What’s the Right Geometry for Solid Opaque Colors?

Color control is essential in the quality and visual appeal of a product. However, the color matching process requires more than visual analysis. Color measurement is a quantitative analysis of the color of products that ensures colors are the same. Because many factors can influence how a color looks to the eyes, color classification systems make them consistent. Learn more about the quality of opaque colors and how to measure them.

The Role of Geometry in Seeing Color

Sight involves an observer, a light source, and an object, which must all be present. These elements are set in a 3D space. Their properties and the space between them determine an object’s appearance. If any of these elements are changed, the color will look different. Color is specific to the measurement geometry.

There are two standard measurement geometries for analyzing opaque color:

  • Directional 45/0-degree and 0/45-degree: These geometries are considered synonymous, the former directing light at 45 degrees with a viewing angle of 0 degrees, the latter directing light at 0 degrees with a viewing angle of 45 degrees. This geometry replicates the human visual response to color and is best for applications that need a visual color match that includes surface characteristics of the object such as gloss and texture.
  • Diffuse d/8: Diffuse d/8 geometry observes the reflected light from an object that is scattered in all directions. It works by using a hollow sphere with a coating inside it to scatter the reflected light energy to create the desired lighting conditions.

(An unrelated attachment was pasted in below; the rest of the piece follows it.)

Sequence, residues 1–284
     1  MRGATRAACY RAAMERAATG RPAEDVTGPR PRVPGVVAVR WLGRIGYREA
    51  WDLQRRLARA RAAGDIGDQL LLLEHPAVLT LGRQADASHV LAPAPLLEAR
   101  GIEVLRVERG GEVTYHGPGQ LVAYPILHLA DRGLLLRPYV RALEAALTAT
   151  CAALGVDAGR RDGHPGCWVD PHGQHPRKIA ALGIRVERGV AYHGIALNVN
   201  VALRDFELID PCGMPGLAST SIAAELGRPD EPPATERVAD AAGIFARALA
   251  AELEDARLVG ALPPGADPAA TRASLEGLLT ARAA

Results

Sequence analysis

These measurement geometries differ in their specular inclusion (SPIN) or specular exclusion (SPEX). The specular component is the reflection of the light source as part of its color calculation. Because cases vary on whether you want to collect this light, you should use the option that measures the properties you want to analyze.

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What Are Opaque Colors?

Opaque colors do not transmit light, as they are not translucent or transparent. They reflect light and depending on the object, the texture, consistency and color can vary greatly. The color measurements for opaque colors are based on their light reflectance value.

Measuring Opaqueness

Measuring colors helps with process control to make sure the color is consistent in its formula and appearance. A spectrophotometer is an instrument used for objectively measuring color. Its results are highly accurate and eliminate the subjectivity of human observers.

The spectrophotometer analyzes how much light is reflected, absorbed and transmitted, converting spectral data into color coordinates. These coordinates identify the lightness, hue and chroma, which make up the color standard. From there, you can set allowed tolerances. Future batches of the color will be measured against these standards to ensure it’s acceptability.

Contact HunterLab

HunterLab has measured the quality of opaque colors for more than 65 years. We have various color measurement solutions and technologies that will verify the quality of your color formulas to produce consistent results. For more information about measuring opaqueness, contact us online.